Unlike NASA, sheriff asks people to come to Brevard to see historic space launch

Astronauts launching May 27

Brevard County Sheriff Wayne Ivey is encouraging people to come to Brevard County to watch the scheduled May 27 historic launch of a SpaceX rocket with two astronauts aboard, News 6 partner Florida Today reported.

BREVARD COUNTY, Fla. – Brevard County Sheriff Wayne Ivey is encouraging people to come to Brevard County to watch the scheduled May 27 historic launch of a SpaceX rocket with two astronauts aboard, News 6 partner Florida Today reported.

It would be the first launch of astronauts from U.S. soil since the end of the space shuttle program in 2011. Scheduled for 4:32 p.m., the 230-foot-tall rocket will take astronauts Bob Behnken and Doug Hurley to the International Space Station in a Crew Dragon capsule.

But Ivey’s invitation runs contrary to a NASA recommendation for people to watch the launch on television. Administrator Jim Bridenstine reiterated that call on Friday during a pre-launch news conference ahead of the May 27 mission.

“We are asking people to watch from home,” either online or on television, Bridenstine said, as a way to guard against the spread of the coronavirus.

“When we look back to the space shuttle launches, we had hundreds of thousands of people that would descend on the Kennedy Space Center,” Bridenstine said. “Of course, Kennedy was always very welcoming, opening the gates, letting everyone in. People watched from the beaches and all the way from Orlando and other places. The challenge we’re up against right now is we want to keep everybody safe. That’s the No. 1, highest priority of NASA.”

Bridenstine said now is not the time to have large crowds at Kennedy Space Center and along the Space Coast.

“It would be damaging if we had some setbacks,” Bridenstine said. “We don’t want an outbreak. We need a spectacular moment that all of America can see and all of the world can see to inspire, not just those of us who’ve been waiting years for this, but to inspire the generations that are coming. We need to do it in a way that’s responsible.”

Ivey, though, has a different viewpoint about inviting spectators to come here for the launch.

“This is a phenomenal time in our space industry, and the space industry is vital to our success here in Brevard County,” Ivey said at a news conference Friday that dealt with a variety of topics related to the coronavirus pandemic. “So we want everybody to enjoy that launch. It’s another piece of great American history that’s happening right here in our backyard. So we want everybody to have that opportunity to enjoy it. But we want them to do it safely.”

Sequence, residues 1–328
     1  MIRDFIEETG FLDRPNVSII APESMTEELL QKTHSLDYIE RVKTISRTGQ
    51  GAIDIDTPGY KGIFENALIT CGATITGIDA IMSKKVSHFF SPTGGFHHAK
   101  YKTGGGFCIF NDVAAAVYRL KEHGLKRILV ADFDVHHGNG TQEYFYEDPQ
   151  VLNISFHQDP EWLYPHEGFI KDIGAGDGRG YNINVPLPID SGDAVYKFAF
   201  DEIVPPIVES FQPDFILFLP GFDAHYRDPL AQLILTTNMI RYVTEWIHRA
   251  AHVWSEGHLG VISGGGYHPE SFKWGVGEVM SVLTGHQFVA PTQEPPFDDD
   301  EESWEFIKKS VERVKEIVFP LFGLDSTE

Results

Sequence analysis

Ivey advised people coming here for the launch to practice "family social distance," with individual families staying in small groups, and being "mindful of others in that regard."

"Come here, be patient, leave yourself plenty of time," Ivey said. "We don't want any traffic accidents. But come here just like you have for all the other beautiful launches we've had. And enjoy it."

Ivey said Brevard County is "absolutely" open for launch business.

"We are not going to keep the great Americans that want to come watch that from coming here," Ivey said. "If NASA telling people to not come here and watch the launch, that's on them. I'm telling people what I believe as an American. And so NASA has got their guidelines, and I got mine."

Ivey said his deputies will be looking to be sure launch viewers are maintaining social distancing, and is encouraging tips from residents about people not following Centers for Disease Control and Prevention guidelines for social distancing.

"If you see something, say something," Ivey said. "That applies here as well."

Ivey said his approach to battling the coronavirus is eradicating the virus "without negatively impacting the rights and privileges of our citizens — the freedoms of this great country." He also wants to get the economy booming again "to take care of those that are unemployed, those that are out of jobs, out money — all of those things."

Bridenstine said "asking people not to travel to the Kennedy Space Center … makes me sad to even say it. Boy, I wish we could make this into something really spectacular. But, where we are right now, we need to get Commercial Crew launched and we need Demo-2 to be successful. And the best way we can do that is to do it while keeping everybody safe."

The mission is part of NASA’s Commercial Crew Program, which was designed to return American astronauts to the International Space Station after the end of the shuttle program using commercially procured spacecraft. Both SpaceX and Boeing were selected under multibillion-dollar contracts, the latter of which will fly a second test flight of its Starliner spacecraft later this year.